1) Resist the urge to discuss your workouts. You’ve done the work so be proud AND quiet. While a century ride may be interesting, telling others about it is certainly not…especially if they are not triathletes. Let your race times tell the story. There is nothing more fun than breaking a Personal Best and letting others wonder how you did it.
2) Eat healthy fuel. Meat fruits and vegetables. Sometimes there is nothing more satisfying than a huge meal of fried carbohydrates or processed sugar after a hard work out. (Read coke and fries or cookies and cream) But you’ve just put on all that weight that you’ve worked so hard to remove. What’s the point of that? Keep in mind that the ideal body of a peak triathlete is that of a 1930’s depression era farmer and you won’t achieve that with super-sized calories.
3) Go For It for someone else. Pick a cause or a charity and or a person and train and race for them. It will make getting up for that 5:00 a.m. morning workout much easier.
4) Race your strength but train your weakness. If you are a great runner, spend more time in the pool. If you come from a swimming background, get to know the track. If you have a passion for biking, invest in some good running shoes and a swim coach.
5) Read a good book in bed. Don’t forget to take some time to do nothing. Your body and mind will appreciate the rest and recovery time, and you’ll have something (besides triathlon) to talk about at your next party.
6) Remember to thank the Iron Sherpas. They could be your spouse, your parents, your kids, your friends or perhaps your parents. All those great people in your life that let you pursue this crazy sport by covering for you when you’re out training, shlepping your stuff, and being there for you at the start and finish lines.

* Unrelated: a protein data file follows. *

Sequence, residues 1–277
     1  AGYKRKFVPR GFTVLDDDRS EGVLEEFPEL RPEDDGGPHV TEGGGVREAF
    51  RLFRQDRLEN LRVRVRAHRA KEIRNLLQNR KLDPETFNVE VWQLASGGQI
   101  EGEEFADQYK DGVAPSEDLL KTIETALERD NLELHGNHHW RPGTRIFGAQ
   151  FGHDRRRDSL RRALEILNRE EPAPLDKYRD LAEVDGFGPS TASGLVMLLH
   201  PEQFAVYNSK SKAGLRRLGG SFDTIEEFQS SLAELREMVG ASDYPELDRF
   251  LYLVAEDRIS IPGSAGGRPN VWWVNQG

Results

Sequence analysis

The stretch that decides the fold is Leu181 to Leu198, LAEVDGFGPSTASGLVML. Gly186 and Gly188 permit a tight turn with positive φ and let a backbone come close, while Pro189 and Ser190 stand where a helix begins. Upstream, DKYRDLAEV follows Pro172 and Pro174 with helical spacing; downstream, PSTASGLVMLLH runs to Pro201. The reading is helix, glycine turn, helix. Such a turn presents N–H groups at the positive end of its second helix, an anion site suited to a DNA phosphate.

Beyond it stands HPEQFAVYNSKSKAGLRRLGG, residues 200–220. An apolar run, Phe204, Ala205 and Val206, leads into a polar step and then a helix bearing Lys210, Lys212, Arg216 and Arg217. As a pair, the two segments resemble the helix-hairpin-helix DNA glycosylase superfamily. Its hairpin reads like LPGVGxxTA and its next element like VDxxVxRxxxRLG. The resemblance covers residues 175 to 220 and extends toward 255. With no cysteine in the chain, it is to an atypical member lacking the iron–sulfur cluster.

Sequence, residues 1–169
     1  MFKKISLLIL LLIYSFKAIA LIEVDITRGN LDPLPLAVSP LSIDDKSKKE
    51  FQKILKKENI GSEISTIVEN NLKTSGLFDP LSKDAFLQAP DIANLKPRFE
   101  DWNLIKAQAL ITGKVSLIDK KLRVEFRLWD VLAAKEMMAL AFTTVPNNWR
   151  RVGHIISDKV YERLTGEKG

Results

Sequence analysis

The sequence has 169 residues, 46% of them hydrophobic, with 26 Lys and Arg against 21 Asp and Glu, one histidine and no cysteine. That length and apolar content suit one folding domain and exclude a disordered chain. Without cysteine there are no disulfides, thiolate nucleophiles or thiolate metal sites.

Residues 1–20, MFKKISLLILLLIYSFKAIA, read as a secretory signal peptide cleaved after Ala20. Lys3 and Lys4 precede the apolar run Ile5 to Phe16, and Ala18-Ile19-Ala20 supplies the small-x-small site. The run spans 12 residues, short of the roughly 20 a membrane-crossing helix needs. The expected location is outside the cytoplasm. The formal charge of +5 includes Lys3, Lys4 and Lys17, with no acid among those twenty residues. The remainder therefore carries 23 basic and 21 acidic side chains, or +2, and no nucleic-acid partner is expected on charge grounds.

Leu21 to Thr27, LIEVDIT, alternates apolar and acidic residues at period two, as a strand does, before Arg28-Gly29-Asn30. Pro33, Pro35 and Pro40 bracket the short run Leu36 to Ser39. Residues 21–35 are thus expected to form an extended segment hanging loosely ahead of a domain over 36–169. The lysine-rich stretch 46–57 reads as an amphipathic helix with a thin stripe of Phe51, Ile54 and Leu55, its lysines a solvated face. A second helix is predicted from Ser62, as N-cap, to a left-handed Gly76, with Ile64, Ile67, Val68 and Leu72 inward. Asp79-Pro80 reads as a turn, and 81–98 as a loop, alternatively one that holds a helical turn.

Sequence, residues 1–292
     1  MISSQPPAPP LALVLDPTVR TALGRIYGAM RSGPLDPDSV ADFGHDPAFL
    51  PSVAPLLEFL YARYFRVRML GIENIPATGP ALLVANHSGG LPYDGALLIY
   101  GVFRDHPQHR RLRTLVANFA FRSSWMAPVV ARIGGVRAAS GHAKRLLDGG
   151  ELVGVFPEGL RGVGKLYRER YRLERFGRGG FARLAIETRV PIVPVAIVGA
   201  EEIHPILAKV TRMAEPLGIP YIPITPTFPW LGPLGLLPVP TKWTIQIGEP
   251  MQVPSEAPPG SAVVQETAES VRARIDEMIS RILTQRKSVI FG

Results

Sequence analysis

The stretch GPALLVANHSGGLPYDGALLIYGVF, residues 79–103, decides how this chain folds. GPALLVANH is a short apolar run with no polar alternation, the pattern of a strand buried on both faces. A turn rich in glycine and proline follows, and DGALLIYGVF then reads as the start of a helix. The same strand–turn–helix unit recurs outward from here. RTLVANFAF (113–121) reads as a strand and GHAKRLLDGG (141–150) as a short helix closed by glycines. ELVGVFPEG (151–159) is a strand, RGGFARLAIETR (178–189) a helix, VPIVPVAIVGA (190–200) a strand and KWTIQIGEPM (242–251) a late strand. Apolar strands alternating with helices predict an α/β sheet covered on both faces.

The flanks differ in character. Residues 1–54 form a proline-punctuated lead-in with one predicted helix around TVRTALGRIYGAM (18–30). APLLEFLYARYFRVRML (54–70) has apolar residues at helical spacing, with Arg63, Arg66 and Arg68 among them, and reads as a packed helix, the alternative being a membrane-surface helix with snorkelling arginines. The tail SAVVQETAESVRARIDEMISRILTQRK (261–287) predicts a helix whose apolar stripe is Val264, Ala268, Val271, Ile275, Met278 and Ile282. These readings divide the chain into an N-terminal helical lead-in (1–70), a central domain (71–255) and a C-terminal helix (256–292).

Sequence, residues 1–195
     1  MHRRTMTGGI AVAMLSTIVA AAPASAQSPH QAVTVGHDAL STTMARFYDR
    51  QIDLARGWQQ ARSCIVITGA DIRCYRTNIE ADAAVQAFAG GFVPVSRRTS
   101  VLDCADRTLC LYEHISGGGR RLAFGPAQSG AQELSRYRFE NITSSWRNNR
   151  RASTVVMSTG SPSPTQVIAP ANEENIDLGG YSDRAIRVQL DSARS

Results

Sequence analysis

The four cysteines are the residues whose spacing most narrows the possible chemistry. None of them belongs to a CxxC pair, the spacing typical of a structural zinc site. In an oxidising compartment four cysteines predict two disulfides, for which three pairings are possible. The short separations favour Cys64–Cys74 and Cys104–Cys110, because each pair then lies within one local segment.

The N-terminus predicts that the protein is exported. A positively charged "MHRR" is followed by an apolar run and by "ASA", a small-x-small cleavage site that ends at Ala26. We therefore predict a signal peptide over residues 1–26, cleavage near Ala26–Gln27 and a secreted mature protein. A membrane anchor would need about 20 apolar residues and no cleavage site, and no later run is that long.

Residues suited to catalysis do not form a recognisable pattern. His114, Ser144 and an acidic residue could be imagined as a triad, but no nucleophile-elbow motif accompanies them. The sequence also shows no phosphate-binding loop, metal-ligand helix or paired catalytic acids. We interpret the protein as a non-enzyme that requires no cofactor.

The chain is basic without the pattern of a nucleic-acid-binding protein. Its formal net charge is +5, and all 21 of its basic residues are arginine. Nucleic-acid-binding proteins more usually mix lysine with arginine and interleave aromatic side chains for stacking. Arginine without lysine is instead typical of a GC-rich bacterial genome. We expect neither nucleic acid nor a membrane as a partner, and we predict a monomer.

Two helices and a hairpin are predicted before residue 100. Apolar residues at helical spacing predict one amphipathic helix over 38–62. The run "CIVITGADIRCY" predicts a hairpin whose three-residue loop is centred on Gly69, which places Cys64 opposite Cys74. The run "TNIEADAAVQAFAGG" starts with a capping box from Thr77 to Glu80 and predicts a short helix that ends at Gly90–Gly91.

7) Have Fun 2. Unless you have a sponsorship contract with a Tri Dudai or Nike, the results of your next race won’t keeps your kids out of college. Enjoy the race day and give that passing pro a hand because their paycheck really depends on how they finish.
8) Set measurable and attainable goals. “I want to race an Olympic distance tri in 2006,” is not a measurable goal. “I want to finish an Olympic distance tri in 2006,” is a bit better but still not the ticket. “I want to finish the Chicago Triathlon in under 3 hours is 2006,” is a measurable and attainable goal. Now that you have your goal paste it on your computer screen and your bathroom mirror so that you’ll have a reason to train when it would be so much easier not to.
9) There is no such thing as a Sprint Triathlon. Triathlon is an endurance sport. A true Sprint triathlon would look something like this: 1) A fifty meter freestyle swim 2) One lap around a Velodrome 3) A 100 meter dash. For this reason to succeed you must be the turtle and not the rabbit.
10) You can’t DNF in life. In life, everybody finishes, some just finish sooner than others do. So while you’re here, always remember that triathlon is a great way to be alive!